Competing without eating
This graph above shows how much a budget of four dollars can buy a person. Calories count sources include, healthfully,com, and

This graph above shows how much a budget of four dollars can buy a person. Calories count sources include, healthfully,com, and

Jesse Gonzalez


This is a two-part article, with the first series of this article being the voice of the student athletes, the Quaker Campus will continue to do a thorough investigation to get both sides of the story.

Spring Break is a time for most students to leave their assignments at their desk and head out to the nearest beach or festival, without a worry on their mind. From March 16 – 25, many students left campus and enjoyed their well-deserved break with friends or family. However, not all of the student body were able to enjoy the warm sand or get a tan at the beach. Those playing for a Spring sport here at Whittier College had to get their tan playing two to three times a day and practicing in the sun for two-and-a-half to three-and-a-half hours a day. 

As many of us Poets are aware, facilities like the Campus Inn (CI) are closed during Spring Break. This academic year, the CI was closed after dinner on March 15, and did not reopen until March 26 for breakfast. The Spot also closed on March 15, and did not open until evening hours on March 25. Because the CI was closed, Spring athletes were provided money from their coaches so players could eat over the break. Although this might seem fair, the QC found that athletes would either not eat or would have to ration out their money because not every team received the same amount for the week. In fact, some teams were given significantly less compared to other teams. This forced many players to figure out how they were going to support themselves over the long week so they could eat.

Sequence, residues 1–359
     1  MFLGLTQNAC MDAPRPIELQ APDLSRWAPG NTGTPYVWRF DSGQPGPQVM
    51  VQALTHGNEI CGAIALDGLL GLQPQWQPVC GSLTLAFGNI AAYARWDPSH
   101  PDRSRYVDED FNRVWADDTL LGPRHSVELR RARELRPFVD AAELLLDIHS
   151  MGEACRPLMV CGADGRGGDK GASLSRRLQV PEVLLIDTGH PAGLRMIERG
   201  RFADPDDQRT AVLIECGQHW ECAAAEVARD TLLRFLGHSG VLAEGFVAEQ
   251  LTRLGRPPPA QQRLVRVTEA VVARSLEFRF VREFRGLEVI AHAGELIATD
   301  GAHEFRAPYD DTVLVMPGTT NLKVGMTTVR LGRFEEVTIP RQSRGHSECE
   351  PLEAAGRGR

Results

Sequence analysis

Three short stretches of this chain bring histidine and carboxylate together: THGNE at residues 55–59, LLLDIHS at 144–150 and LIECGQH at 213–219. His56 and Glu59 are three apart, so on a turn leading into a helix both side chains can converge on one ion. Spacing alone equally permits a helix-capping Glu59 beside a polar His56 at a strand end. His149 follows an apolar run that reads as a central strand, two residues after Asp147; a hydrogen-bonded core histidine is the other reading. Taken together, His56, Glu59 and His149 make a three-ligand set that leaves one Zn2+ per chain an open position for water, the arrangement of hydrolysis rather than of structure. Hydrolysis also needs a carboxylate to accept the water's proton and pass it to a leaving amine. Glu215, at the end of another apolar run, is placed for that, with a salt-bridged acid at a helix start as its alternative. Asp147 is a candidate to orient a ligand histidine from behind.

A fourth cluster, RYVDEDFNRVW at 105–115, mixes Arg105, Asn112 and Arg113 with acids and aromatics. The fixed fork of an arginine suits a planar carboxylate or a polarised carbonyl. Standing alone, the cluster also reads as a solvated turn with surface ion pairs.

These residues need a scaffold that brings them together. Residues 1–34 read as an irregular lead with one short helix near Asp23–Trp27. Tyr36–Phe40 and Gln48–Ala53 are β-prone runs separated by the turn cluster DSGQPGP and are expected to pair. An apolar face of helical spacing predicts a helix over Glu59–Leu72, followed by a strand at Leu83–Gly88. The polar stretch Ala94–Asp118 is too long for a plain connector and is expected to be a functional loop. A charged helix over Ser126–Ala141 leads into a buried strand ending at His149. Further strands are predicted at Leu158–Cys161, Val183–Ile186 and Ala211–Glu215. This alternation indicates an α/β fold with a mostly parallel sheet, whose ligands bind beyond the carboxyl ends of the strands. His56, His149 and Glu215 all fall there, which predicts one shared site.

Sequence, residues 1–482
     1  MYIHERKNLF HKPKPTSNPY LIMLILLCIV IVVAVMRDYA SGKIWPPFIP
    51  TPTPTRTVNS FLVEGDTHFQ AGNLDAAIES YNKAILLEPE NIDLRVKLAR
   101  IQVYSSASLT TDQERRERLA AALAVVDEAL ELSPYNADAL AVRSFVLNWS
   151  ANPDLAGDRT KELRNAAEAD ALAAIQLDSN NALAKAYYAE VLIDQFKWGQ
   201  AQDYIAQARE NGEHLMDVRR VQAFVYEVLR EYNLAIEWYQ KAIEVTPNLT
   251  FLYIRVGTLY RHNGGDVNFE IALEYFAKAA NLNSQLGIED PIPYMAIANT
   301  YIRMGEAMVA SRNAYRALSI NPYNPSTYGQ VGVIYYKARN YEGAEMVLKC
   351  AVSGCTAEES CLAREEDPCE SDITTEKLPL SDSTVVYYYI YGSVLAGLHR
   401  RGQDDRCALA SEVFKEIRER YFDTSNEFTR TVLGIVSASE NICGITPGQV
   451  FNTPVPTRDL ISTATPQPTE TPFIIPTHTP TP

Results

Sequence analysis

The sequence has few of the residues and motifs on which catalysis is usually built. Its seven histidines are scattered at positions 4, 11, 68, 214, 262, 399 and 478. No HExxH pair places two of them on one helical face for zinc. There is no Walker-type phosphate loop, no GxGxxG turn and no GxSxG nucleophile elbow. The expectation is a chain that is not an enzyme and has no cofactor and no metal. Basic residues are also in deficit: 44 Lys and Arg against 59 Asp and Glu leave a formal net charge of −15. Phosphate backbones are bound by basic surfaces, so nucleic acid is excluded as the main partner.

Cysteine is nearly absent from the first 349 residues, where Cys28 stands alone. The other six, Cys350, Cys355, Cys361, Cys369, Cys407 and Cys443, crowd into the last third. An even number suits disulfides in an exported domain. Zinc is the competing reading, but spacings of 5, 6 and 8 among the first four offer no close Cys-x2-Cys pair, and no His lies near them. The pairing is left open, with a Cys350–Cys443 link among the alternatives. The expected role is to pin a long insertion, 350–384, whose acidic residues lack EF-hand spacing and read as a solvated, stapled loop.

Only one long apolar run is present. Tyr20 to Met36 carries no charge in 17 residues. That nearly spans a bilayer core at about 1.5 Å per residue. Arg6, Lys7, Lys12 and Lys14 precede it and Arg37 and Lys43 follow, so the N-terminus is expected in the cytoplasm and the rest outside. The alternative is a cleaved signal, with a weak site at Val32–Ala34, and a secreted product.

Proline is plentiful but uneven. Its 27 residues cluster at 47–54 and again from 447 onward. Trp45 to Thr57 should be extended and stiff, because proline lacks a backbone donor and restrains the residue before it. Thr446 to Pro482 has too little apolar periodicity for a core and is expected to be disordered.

Is a week’s worth of food money really going to mean life or death for some of these athletes? Probably not. However, it does widen the gap of who is able to play sports at Whittier and which sports they are able to play. There are discrepancies as to how much each athletes were allocated this Spring Break, with the largest amount being $100 to both residential and commuter, to cover for three meals, Women’s Water Polo players, and the smallest being $60 to the residential Women’s Lacrosse Team.